James Stroud

James Stroud

James completed his degree in Zoology with Conservation at the School of Biological Sciences (SBS), the University of Wales, Bangor in the summer of 2008. He has a keen interest in terrestrial ecology, with particular interest in herpetofaunal studies. He joined the Centre for Marine and Environmental Studies (CEMS) at the start of 2009 to begin a Masters research project investigating the spatial ecology of the European adder (Vipera berus) in coniferous forestry plantations in the North York moors national park, under the supervision of Dr Philip Wheeler and in conjunction with the Forestry Commission. His research is investigating the determinants of optimal habitat for existing adder populations in managed forests, with resulting implications for future local conservation of the species.

He completed his undergraduate thesis under the supervision of Dr Wolfgang Wüster, entitled ‘The effect of habitat disturbance on herpetofaunal community composition in a tropical rainforest’, after a season of field research in 2007 in the Lambusango and Kakenawe forests on Buton Island, south-east Sulawesi in Indonesia. The following year he was asked to return as a research assistant to Dr Graeme Gillespie collecting data in an ongoing ten year study of the island’s herpetofauna and to help supervise undergraduate thesis research. It was there where he met Dr Wheeler whose glorious tales of north Yorkshire enticed him to follow him to Scarborough.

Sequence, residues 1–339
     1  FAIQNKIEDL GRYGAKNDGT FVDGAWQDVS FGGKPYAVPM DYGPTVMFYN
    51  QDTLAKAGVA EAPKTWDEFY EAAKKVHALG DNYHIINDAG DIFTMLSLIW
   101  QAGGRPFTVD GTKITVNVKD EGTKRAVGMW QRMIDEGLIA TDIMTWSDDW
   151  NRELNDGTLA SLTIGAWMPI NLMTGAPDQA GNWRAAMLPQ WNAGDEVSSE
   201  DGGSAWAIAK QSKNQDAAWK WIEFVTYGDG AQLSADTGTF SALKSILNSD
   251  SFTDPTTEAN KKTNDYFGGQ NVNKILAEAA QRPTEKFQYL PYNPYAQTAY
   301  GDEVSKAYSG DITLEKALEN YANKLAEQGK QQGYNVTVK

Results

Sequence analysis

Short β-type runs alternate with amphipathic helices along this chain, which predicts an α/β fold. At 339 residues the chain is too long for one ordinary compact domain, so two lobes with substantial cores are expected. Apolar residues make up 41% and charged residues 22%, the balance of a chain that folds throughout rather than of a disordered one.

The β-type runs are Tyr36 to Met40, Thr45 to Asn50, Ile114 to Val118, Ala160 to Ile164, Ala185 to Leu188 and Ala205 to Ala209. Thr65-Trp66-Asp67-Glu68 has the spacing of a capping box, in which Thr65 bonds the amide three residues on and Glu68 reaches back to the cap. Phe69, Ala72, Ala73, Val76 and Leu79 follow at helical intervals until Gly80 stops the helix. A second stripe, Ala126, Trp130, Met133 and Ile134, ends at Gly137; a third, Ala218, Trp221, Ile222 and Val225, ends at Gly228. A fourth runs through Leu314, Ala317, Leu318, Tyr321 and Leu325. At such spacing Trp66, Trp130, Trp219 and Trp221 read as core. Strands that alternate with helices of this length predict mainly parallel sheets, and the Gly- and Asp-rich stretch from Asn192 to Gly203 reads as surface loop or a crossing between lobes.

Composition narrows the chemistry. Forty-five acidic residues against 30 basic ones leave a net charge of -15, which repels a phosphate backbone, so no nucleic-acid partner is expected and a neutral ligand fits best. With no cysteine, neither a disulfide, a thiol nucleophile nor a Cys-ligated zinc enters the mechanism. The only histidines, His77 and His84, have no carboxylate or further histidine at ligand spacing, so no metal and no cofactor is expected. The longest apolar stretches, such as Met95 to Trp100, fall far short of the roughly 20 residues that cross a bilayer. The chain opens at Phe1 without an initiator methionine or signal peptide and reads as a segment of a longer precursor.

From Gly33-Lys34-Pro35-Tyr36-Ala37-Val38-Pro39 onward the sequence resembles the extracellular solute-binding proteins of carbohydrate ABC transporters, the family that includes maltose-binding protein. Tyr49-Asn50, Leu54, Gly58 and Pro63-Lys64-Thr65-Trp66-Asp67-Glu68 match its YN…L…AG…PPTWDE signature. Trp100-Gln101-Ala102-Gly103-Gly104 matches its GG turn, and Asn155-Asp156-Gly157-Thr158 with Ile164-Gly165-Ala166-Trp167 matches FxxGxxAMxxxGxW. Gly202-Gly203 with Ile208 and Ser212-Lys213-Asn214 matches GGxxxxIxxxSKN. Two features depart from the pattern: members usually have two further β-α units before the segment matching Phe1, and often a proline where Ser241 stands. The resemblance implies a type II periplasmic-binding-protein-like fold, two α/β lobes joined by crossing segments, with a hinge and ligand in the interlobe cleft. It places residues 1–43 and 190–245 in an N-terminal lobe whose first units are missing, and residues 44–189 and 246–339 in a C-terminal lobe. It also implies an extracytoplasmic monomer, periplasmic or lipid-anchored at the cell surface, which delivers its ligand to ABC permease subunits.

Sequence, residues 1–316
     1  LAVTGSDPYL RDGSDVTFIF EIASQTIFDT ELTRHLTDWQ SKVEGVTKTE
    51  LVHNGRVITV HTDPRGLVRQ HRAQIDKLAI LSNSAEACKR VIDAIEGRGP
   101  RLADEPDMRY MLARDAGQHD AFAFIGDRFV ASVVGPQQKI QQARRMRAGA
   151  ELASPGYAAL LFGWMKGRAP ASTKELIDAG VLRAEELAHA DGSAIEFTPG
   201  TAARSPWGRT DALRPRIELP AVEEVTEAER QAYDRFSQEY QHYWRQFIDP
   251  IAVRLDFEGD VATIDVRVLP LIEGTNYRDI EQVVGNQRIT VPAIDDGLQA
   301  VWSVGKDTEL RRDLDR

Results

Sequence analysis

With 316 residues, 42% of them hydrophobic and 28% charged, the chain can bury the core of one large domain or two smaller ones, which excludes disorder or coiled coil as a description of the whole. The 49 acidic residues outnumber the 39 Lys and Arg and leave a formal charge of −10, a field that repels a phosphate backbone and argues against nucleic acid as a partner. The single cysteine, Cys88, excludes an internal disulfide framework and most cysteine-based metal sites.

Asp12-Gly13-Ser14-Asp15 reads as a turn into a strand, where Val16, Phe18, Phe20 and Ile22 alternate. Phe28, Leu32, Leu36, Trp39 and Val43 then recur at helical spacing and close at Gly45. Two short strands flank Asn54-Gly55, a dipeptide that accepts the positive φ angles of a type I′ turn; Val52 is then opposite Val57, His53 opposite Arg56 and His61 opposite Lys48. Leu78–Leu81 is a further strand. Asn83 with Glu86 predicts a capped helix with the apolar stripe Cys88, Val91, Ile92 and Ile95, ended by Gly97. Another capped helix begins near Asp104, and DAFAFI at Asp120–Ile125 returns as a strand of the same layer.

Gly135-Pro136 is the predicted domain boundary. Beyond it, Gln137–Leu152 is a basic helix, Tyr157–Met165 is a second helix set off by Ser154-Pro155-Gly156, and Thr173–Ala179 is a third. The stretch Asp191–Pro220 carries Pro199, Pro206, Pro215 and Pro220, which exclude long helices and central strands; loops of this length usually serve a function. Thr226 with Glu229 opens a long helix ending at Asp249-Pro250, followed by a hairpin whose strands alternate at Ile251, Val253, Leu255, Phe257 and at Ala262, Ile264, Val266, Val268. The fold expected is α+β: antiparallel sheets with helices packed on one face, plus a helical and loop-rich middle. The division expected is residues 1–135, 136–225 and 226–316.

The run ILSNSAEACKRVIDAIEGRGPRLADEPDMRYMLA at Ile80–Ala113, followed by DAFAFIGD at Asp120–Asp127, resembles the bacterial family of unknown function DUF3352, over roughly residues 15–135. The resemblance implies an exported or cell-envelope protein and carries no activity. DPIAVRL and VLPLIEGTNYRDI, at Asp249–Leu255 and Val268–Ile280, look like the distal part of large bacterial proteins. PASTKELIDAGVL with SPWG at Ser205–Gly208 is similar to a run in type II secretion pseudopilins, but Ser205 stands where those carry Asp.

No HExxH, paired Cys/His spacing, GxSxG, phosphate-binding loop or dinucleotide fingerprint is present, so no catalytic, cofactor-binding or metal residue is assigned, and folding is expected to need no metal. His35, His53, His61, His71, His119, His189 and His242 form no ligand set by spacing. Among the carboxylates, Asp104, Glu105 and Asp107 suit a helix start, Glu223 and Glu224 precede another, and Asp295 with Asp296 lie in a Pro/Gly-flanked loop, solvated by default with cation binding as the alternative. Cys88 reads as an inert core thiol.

In September 2009 he was awarded a grant from the Roberts Fund to organise and host a postgraduate research conference at the University of Hull. The day consisted of postgraduate students from across the scientific spectrum being able to openly and informally present their current research to academics and fellow postgraduates.

James has worked closely with the herpetological department at the Zoological Society of London for nearly a decade, working in breeding programs for a number of endangered species. Most recently he was involved in the first recorded breeding of Komodo dragons (Varanus komodoensis) through parthenogenesis. While an undergraduate at the University of Wales, Bangor, he formed and chaired the first university affiliated herpetological society in the UK. The society has continued to grow since he graduated and left, with many enthusiastic herpetologists choosing to study at the School of Biological Sciences with its great selection of herpetological research academics.

James is a keen diver, first learning in the coral reefs along the western coast of the Gulf of Aqaba on the Sinai Peninsula in Egypt. Since then he has dived in various sites around the world, most notably in Indonesia, Europe and, of course, enjoyably in the warm waters of the UK. He is currently hoping to begin training for his Dive Master qualification. James is also a keen follower of football and is a passionate supporter of, what can only be described as, the pride of west London – Queens Park Rangers.


Page last updated by Magnus on 10/3/2011

Contact Details

You can contact James Stroud by post at:

James Stroud
CEMS,
University of Hull,
Scarborough Campus,
Filey Road,
Scarborough,
YO11 3AZ

Alternatively, you can:

Email: j.stroud@2008.hull.ac.uk

Tel: +44 (0)1723 357291

Fax: +44 (0)1723 370815